If you’ve never been to Pride before, it’s a great way to see the community in all its glory. From drag queens and floats to marching bands, families and religious organizations, the annual parades have it all. Many of the festivals feature advertisers and sponsors at booths, along with local resource organizations hoping to connect with the community. Some Pride celebrations have featured entertainers and speakers (both national and local) on stage and others have workshops and parties in the week leading up to the march, parade and/or festival.

Attending doesn’t mean you have to join in the parade or march yourself, but you are welcome to join informally (I’ve just jumped in to walk in years past) or formally (by organizing your own group or walking with one with whom you are affiliated). You can also mingle with folks at the festival, watch the parade or look for digital coverage of the events to enjoy Pride virtually.

Find a Pride near you with HRC’s Pride search tool.

Share Your Pride

The LGBTQ community loves to encounter its allies as we are always on the lookout for safe spaces. Even today.

Did you attend Pride? Blog about it! Share your photos and moments of celebration via your social media channels. Interview couples you met at Pride to learn more about their wedding planning needs (past, present or future) and post the Q & A.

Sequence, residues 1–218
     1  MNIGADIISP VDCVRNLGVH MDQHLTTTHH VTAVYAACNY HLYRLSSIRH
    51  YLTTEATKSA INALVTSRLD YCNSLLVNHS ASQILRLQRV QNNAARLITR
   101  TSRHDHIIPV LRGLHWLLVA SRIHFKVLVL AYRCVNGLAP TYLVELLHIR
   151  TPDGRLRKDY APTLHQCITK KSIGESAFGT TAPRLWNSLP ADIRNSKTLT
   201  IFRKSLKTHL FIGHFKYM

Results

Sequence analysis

Were you unable to attend a Pride event? Add a pridemoji or GayWeddings logo to your site or social media feeds. Create a rainbow-themed version of your logo for the month of June or find a filter from an organization that supports the LGBTQ community and use it. Whether you are LGBTQ-identified or an ally, June offers a great excuse to show more visibility than you already do or to start doing so now.

lgbtq wedding pride

Photo by Derek Chad Photography

Learn More

Still feeling a little overwhelmed and nervous about attending a Pride event in person? I certainly know the feeling! It reminds me of how I felt before I attended my first Pride in Philadelphia in 1991. If you identify as straight and/or cisgender and are feeling nervous about being seen at Pride, this is a valuable insight. It will help you to understand how LGBTQ persons and couples may feel about approaching uncertain “mainstream” situations or weddings professionals. This is a great time to learn more via books, blogs and other digital resources.